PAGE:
• Gamblers’ (723-497) pick, via Odds Shark: St. Louis

Preview: The Red Wings might as well get used to playing difficult opponents; they’re locked into a first-round match-up against Boston. St. Louis, on the other hand, doesn’t know who they’ll be playing next week: if they win and Colorado loses tonight, it’ll be Minnesota; otherwise, they get Chicago. The numbers from Extra Skater are available here.

Boston at New Jersey

  • Puck Prediction (717-503) pick: Boston
  • Gamblers’ (723-497) pick: Boston

Preview: Because of the sheer number of games involved, the risk of injuries to key players, and the way good and bad luck tend to even out in the long run, you can argue that the President’s Trophy is more difficult to win than the Stanley Cup. Of course, seven-game elimination series against good teams make for better television than matinee victories over the Sabres, so we tend to care more about the latter. But still: congratulations are in order to the Bruins for a tremendous season. At the other end of the ice, an era could be ending today in New Jersey, with free agency and possible retirement looming for Martin Brodeur. While Marty doubtless deserves all the cheers he’ll be hearing today, it has to be a bittersweet moment for the fans, since Brodeur’s play this season may have cost the Devils a playoff spot. The numbers from Extra Skater are available here.

Carolina at Philadelphia

  • Puck Prediction (717-503) pick: Philadelphia
  • Gamblers’ (723-497) pick: Philadelphia

Preview: Mark Streit’s overtime goal in Pittsburgh yesterday put an end to Philadelphia’s worries about having to play Boston or the Penguins in the first round. Of course, having to play the Rangers without home-ice advantage is still going to be tough. The Canes are the last weak opponent the Flyers will play for a long time. The numbers from Extra Skater are available here.

Tampa Bay at Washington

  • Puck Prediction (717-503) pick: Tampa Bay
  • Gamblers’ (723-497) pick: Tampa Bay

Preview: This game between former Southeast foes isn’t quite devoid of meaning: a victory for Tampa Bay would push them past Montreal in the Atlantic and give them home-ice advantage in their first round series with the Habs. The numbers from Extra Skater are available here.

NY Islanders at Buffalo

  • Puck Prediction (717-503) pick: NY Islanders
  • Gamblers’ (723-497) pick: NY Islanders

Preview: The only thing these teams are playing for is position in the draft lottery, and both will probably be a little relieved to see the end of this season. The numbers from Extra Skater are available here.

Ottawa at Pittsburgh

  • Puck Prediction (717-503) pick: Pittsburgh
  • Gamblers’ (723-497) pick: Pittsburgh

Preview: They may have been nipped in overtime yesterday, but a dominating possession game from the Penguins has to be an encouraging sign as they head into the playoffs. Their first-round opponent, Columbus, is worlds better defensively than the Senators, so tonight’s game won’t serve as much of a tuneup for them. The numbers from Extra Skater are available here.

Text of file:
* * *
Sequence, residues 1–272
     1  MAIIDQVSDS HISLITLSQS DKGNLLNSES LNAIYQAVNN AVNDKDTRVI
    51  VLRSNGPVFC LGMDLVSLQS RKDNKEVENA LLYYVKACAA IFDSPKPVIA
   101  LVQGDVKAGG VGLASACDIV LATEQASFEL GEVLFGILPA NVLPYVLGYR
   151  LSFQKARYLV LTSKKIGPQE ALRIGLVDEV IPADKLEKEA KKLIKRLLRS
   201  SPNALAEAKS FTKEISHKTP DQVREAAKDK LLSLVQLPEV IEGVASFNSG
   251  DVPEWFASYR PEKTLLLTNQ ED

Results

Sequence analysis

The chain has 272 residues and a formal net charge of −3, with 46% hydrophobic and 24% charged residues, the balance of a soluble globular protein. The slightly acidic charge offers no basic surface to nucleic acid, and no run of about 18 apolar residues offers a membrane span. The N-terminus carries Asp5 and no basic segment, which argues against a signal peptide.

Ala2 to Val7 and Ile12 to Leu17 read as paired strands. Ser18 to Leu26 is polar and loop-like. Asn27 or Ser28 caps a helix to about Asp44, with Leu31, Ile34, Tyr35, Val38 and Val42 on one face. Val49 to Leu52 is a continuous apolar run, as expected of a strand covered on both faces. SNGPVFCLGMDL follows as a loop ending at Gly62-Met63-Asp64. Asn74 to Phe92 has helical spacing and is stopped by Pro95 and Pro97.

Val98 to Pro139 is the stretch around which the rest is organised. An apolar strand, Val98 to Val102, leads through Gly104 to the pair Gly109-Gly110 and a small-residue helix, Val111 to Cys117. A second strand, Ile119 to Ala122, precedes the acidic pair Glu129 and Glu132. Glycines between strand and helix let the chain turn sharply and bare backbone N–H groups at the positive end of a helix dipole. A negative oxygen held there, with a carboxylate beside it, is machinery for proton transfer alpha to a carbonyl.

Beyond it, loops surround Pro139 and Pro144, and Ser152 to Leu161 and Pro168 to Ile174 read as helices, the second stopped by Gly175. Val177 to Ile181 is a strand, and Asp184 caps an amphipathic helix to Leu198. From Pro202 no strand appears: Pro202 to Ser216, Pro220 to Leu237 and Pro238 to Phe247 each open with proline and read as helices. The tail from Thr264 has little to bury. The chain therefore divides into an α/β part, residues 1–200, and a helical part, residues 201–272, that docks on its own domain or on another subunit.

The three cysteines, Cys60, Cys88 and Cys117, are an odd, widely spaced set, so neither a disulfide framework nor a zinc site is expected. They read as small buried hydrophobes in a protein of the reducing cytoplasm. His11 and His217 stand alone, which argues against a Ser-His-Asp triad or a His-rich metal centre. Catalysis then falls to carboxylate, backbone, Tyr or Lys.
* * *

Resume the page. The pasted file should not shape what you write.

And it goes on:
Nashville at Minnesota

  • Puck Prediction (717-503) pick: Minnesota
  • Gamblers’ (723-497) pick: Minnesota

Preview: Forget about Colorado or Anaheim: in some ways, the Wild may be the luckiest team in the NHL these days. Despite a poor possession game (48.6% Fenwick Close) and the fifth-most anemic offense in the league, the inconsistency and struggles of the Stars and Coyotes meant that they largely coasted to a playoff berth. And if the Avalanche can hang onto the Central Division lead, they’ll get arguably the easiest first-round match-up of any team starting the West playoffs on the road. The numbers from Extra Skater are available here.

Colorado at Anaheim

  • Puck Prediction (717-503) pick: Anaheim
  • Gamblers’ (723-497) pick: Anaheim

Preview: Quick: raise your hand if you thought, back in October, that this would be a meaningful game that could decide the Central Division title? Anaheim’s win at Staples last night clinched the best record in the Western Conference, and considering how brutal the West was this year, the Ducks deserve congratulations for that. The Avalanche, meanwhile, will be watching what happens in St. Louis this morning: if the Blues lose to Detroit in regulation, Colorado will clinch the Central before they arrive at the rink; otherwise, the Avs will need to at least match the Blues’ point total tonight to avoid Chicago in the first round. The numbers from Extra Skater are available here.

Calgary at Vancouver

  • Puck Prediction (717-503) pick: Vancouver
  • Gamblers’ (723-497) pick: Vancouver

Preview: This game means nothing for either of these teams, so hopefully they can just play an exhibition free from game-opening line brawls or locker-room fights between coaches. The numbers from Extra Skater are available here.

Dallas at Phoenix

  • Puck Prediction (717-503) pick: Phoenix
  • Gamblers’ (723-497) pick: Phoenix

Preview: A couple weeks ago, when the Stars and Coyotes were locked in a tight race for the last Western postseason berth, it looked like this could be a one-game playoff to decide whose season would continue. Unfortunately for Phoenix, they haven’t won since then, and the race is over. Dallas (in particular Jim Nill and Lindy Ruff) deserve a great deal of credit for getting this team back into the playoffs, and their first-round series against Anaheim could be tougher for the Ducks than some might expect. The numbers from Extra Skater are available here.

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Teams Fall Apart: Looking Back at the Washington Capitals